The Enemy That Never Was

Order-in-Council P.C. 365 creates a 100-mile ‘protected area’ on the coast of British Columbia from which male enemy aliens are excluded.

Mass evacuation of Japanese Canadians begins. Some are given only 24 hours notice. Cars, cameras and radios confiscated for “protective measures”. Curfew imposed.

By the end of the year, approximately 12,029 persons are in detention camps in the interior of British Columbia, 945 men are in enforced labour camps, 3,991 are placed as labourers on sugar beet farms in the Prairie provinces, 1,161 are in voluntary self-supporting sites outside the ‘protected area’, 1,359 are given special work permits, 699 are interned in prisoner-of-war camps in Ontario, 42 are repatriated to Japan, 111 are in detention in Vancouver and 105 are in hospital in Hastings Park, approximately 2,000 were living outside the ‘protected area’ and allowed to remain in place but required to register and give up prohibited items, and subject to restriction of activities.

British Columbia Security Commission Report: October 31, 1942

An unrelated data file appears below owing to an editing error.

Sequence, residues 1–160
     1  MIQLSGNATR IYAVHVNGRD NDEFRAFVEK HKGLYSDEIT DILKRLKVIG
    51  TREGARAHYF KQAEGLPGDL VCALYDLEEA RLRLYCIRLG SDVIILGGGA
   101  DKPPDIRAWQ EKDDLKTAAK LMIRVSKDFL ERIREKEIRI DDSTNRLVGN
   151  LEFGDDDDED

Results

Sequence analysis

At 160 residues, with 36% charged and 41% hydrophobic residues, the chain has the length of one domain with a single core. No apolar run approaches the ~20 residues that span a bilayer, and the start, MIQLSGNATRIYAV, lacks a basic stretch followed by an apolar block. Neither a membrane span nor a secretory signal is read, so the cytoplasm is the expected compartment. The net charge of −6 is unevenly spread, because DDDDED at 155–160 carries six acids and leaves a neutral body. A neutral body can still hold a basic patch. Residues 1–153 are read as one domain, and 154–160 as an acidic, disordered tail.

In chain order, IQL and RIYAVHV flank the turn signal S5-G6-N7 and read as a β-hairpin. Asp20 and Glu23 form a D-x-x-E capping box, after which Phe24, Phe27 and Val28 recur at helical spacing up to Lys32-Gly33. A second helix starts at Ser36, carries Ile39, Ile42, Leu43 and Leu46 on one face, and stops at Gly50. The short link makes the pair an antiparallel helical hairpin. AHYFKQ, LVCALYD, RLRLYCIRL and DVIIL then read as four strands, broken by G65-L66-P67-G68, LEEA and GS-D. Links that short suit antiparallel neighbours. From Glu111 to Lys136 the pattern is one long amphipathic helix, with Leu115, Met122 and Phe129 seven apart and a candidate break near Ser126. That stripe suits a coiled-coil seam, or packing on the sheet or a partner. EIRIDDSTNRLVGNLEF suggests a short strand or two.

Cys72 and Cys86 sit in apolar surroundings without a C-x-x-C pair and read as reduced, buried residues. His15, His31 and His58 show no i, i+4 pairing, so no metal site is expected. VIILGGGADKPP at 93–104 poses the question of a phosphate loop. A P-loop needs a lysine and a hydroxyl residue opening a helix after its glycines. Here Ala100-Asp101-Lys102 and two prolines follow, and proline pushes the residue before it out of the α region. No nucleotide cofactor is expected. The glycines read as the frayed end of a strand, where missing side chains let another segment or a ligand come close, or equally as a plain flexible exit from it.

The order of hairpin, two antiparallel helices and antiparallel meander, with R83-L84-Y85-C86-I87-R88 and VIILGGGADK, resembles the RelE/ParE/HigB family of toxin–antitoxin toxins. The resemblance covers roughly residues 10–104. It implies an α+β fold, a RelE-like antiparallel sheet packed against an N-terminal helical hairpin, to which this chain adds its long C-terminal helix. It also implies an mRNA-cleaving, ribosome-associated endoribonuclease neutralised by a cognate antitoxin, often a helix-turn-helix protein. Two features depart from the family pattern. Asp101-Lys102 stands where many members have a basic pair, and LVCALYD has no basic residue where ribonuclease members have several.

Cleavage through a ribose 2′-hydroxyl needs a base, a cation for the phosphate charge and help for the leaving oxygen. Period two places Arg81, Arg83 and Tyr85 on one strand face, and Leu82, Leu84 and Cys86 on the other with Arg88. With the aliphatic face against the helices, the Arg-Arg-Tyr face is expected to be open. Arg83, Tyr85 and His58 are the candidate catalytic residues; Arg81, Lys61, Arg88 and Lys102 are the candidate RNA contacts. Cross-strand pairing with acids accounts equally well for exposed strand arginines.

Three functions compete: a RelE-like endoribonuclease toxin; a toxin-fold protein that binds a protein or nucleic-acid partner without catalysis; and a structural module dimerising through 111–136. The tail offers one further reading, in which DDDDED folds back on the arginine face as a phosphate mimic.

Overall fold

Road camp projects               986
Sugar Beets, Alberta              2,585
Manitoba                                    1,053
Ontario (males)                           350
Slocan Valley                           4,764
(Slocan City, Bay Farm, Popoff, Lemon Creek)
Tashme                                       2,624
New Denver/Roseberry      1,701
Greenwood                               1,203
Kaslo                                              965
Sandon                                          920
Self-Supporting Projects    1,164
Independent Projects             431
Special Permits                      1,337
Repatriated to Japan                 42
Evacuated voluntarily           579
Internment camps                   699
In detention, Vancouver         57
Hastings Park, Hospital         105

TOTAL   21,079

There were 94 who were partners in mixed marriages, with 100 off-spring, who were allowed to remain on the coast.

The Government announces a program to disperse Japanese Canadians throughout the country, to separate those who are “loyal” from those who are “disloyal”, and to “repatriate” the disloyal to Japan.

At the request of the British government, Japanese Canadians are allowed to enlist. Those remaining in the camps are canvassed for “loyalty”, and told to choose between “repatriation” to Japan and immediate movement east of the Rocky Mountains.